IBM Preps Power7 Launch For February
January 25, 2010 Timothy Prickett Morgan
Well, some of the mystery behind IBM‘s forthcoming and, as we now know impending, Power7-based Power Systems server launch has been solved. I said some of the mystery, so don’t get overly excited. As best as I can figure, I will still have some time to go through my hypothetical System iWant, 2010 Edition, product line before Big Blue actually gets the Power7 machines launched. But it also looks like I had better hurry.
In going over IBM’s financial results for the fourth quarter of 2009 yesterday, Mark Loughridge, the company’s chief financial officer, gave a rundown on the Power Systems business–which Loughridge, like IBM’s other top brass still annoyingly calls the Converged System p line–and then he tossed in this sentence: “Later this quarter, we’ll introduce the next generation Power Systems, which will deliver two to three times the performance, in the same energy envelope. So quite an announcement for this product line.”
Readers of The Four Hundred already knew about the rough performance range of the Power7-based machines. But what we didn’t know is that the machines are apparently right around the corner. And as the IBM advertisement that ran in the Wall Street Journal last Wednesday confirmed, the launch is set for sometime in February. (See this related story in this issue for the scoop on that ad.)
The COMMON midrange user group and expo is coming up in Orlando, Florida, between May 3 and 6, and it is there that most of us had been expecting that at least some Power7-based were to be announced. But IBM never confirmed when Power7 machines were to be launched, except to say that the first machines using the Power7s will come out sometime in the first half of 2010 and hinting last October that the Power7s would have a “rolling thunder” style rollout–meaning the whole lineup was not coming out at the same time, but would happen in stages across 2010. Announcements are not delivery schedules, and it is still possible that all of the Power7 machines will be announced at the same time, but deliveries are spread out. This has certainly happened before, with midrange or entry Power boxes coming first, followed up by big Power machines months later. This certainly was the case with the initial Power5 machines and the Power6 machines, too, now that I think of it.
I don’t think competitive pressure is weighing heavily on IBM yet, which means this is not the direct explanation of why the Power7 launch has been moved up (if it was indeed supposed to go down in May at COMMON). What seems more likely is that IBM knows it can’t get System z servers to market until later this year–the word on the street is that they are due in the third quarter–and maybe the high-end Power7 boxes won’t be available until May or June. With System z sales dropping like a stone and System x and BladeCenter sales growing nicely but only after falling off a cliff last year, IBM has a server sales gap it needs to fill and IBM’s X64 server biz ain’t gonna do the trick.
Moreover, IBM has a new server chief, Rod Adkins, who wants the Systems and Technology Group to pull its weight in terms of revenues and profits, and that means getting the Power Systems machines out the door now, if the chip yields are good and the systems are ready, rather than waiting for May. It is better to get Power7 machines out now, particularly if the AS/400-iSeries-System i and RS/6000-pSeries-System p customer bases are both holding their checkbooks firmly until they see what technical characteristics Power7 machines have and what kind of bang for the buck they offer.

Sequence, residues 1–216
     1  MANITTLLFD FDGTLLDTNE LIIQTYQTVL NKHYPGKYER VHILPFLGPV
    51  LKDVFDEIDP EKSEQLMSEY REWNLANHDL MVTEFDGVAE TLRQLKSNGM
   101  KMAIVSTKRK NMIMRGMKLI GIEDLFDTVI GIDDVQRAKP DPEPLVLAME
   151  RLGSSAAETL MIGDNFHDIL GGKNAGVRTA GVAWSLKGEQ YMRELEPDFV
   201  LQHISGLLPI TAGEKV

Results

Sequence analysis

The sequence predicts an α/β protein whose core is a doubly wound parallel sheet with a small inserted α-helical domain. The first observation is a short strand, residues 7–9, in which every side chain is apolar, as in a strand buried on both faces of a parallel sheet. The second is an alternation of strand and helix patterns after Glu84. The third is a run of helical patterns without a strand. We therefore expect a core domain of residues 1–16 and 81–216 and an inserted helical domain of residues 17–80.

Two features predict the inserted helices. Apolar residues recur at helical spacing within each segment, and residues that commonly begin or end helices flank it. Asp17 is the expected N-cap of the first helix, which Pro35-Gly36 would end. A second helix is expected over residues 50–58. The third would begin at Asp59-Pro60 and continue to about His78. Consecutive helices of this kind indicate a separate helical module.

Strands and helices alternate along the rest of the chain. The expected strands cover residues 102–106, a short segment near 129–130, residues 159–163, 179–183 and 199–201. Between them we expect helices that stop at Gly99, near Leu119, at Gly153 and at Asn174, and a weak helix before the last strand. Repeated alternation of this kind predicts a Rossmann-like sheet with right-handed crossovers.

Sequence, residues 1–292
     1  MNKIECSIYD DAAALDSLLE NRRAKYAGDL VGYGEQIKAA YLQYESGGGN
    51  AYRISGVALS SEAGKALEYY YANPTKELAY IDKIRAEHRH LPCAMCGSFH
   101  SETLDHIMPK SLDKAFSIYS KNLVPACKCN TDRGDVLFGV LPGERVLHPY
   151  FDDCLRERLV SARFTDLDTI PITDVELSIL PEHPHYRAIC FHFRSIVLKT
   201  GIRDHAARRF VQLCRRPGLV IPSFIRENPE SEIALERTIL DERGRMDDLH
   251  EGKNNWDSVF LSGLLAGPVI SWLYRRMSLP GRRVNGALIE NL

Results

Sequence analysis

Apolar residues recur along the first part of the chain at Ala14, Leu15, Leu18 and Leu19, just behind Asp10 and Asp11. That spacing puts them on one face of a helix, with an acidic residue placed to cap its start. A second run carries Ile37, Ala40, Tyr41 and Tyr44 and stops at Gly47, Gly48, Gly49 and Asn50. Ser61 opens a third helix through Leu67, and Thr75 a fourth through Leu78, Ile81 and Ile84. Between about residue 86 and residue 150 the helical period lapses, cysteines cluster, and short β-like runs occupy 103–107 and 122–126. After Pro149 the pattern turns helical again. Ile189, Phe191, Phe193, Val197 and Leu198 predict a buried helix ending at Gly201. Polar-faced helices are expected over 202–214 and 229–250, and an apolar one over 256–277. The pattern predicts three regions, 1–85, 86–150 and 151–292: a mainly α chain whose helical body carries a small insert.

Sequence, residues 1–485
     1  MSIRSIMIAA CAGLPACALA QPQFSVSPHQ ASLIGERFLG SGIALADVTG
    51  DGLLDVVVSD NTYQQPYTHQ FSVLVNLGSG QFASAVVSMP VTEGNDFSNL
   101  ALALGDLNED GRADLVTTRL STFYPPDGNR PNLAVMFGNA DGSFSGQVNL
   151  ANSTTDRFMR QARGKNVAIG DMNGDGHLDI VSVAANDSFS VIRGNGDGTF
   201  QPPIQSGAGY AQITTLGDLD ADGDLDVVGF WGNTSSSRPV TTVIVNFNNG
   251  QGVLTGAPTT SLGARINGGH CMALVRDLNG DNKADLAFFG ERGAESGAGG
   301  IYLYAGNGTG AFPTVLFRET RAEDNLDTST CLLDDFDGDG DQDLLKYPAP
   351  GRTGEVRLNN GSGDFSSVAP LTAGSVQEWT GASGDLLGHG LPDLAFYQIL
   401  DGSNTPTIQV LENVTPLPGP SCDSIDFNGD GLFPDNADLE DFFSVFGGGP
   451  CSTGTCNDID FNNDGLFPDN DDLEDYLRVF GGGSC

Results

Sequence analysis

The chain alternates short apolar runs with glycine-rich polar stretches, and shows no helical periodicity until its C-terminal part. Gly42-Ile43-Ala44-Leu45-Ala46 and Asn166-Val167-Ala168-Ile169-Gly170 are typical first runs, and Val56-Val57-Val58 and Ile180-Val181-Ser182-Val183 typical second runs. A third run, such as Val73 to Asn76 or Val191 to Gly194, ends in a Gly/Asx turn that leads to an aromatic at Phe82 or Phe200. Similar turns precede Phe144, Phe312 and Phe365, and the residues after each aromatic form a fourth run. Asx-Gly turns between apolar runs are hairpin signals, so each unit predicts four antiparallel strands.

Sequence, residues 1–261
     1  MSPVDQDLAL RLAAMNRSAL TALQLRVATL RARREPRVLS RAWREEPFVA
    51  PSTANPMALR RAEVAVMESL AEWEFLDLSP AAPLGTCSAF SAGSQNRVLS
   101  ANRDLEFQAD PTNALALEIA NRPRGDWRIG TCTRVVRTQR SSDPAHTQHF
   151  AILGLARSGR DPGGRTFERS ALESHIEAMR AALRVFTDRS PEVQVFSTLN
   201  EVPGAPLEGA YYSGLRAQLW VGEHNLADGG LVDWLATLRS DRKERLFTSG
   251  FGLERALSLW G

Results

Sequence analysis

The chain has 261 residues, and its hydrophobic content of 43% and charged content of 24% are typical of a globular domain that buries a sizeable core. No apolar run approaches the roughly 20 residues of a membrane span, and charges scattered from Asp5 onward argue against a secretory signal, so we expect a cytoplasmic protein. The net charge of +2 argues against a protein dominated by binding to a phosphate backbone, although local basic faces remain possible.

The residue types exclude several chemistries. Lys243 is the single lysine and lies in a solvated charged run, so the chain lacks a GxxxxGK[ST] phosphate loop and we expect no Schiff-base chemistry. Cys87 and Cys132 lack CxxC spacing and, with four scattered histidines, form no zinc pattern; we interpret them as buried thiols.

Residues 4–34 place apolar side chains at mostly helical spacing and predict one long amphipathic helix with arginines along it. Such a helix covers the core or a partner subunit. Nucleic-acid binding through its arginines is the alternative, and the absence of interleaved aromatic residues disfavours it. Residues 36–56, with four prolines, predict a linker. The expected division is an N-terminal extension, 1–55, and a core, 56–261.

The Power Systems business is not just inwardly looking, of course. IBM surely wants to get the Power7 machines out the door before competitive systems based on X64 chips from Intel and Advanced Micro Devices get out the door this quarter and cause customers to pause. The quad-core “Tukwila” Itanium chips, presumably to be called the Itanium 9500s, will take aim at the midrange and high-end of the Unix business (thanks mostly to Hewlett-Packard‘s Integrity server family). With IBM offering two to three times the oomph in Power7 systems compared to Power6 machines, and Tukwila boxes probably yielding a 2X performance boost, the relatively competitive positions of Power and Itanium boxes will not change unless one vendor gets aggressive about pricing.
I think there is little doubt that the pricing will be very aggressive on the impending eight-core “Beckton” Nehalem-EX processors from Intel, which will be used to create machines with anywhere from eight to 64 processor cores using Intel’s own chipsets. These Intel chips, which will probably be called the Xeon 7500s (due sometime in the first half of this year and able to run Windows, Linux, and Solaris), may be what has IBM a little nervous with regard to its Converged System p–excuse me, I meant to say Power Systems AIX–product line.
Not to mention AMD’s dozen-core “Magny-Cours” Opteron 6000s, due by the end of the first quarter, running the same Windows, Linux, and Solaris options, and having as many as 48 cores in a single system image. (AMD supports eight sockets with the current AMD 5690 chipset, but is cutting back to four sockets with Magny-Cours so it can create more power efficient and lower cost servers.)
All of this midrange and what is arguably high-end X64 iron is going to put some pressure on the Power Systems line running AIX. An improved SQL Server 2008 R2, due in May, running on Windows Server 2008 R2 (shipping since last July), on any of this iron is going to be formidable competition in terms of bang for the buck. And as one of the dominant X64 vendors, IBM knows this full well.
So, getting Power7 machines out now rather than waiting until later makes sense.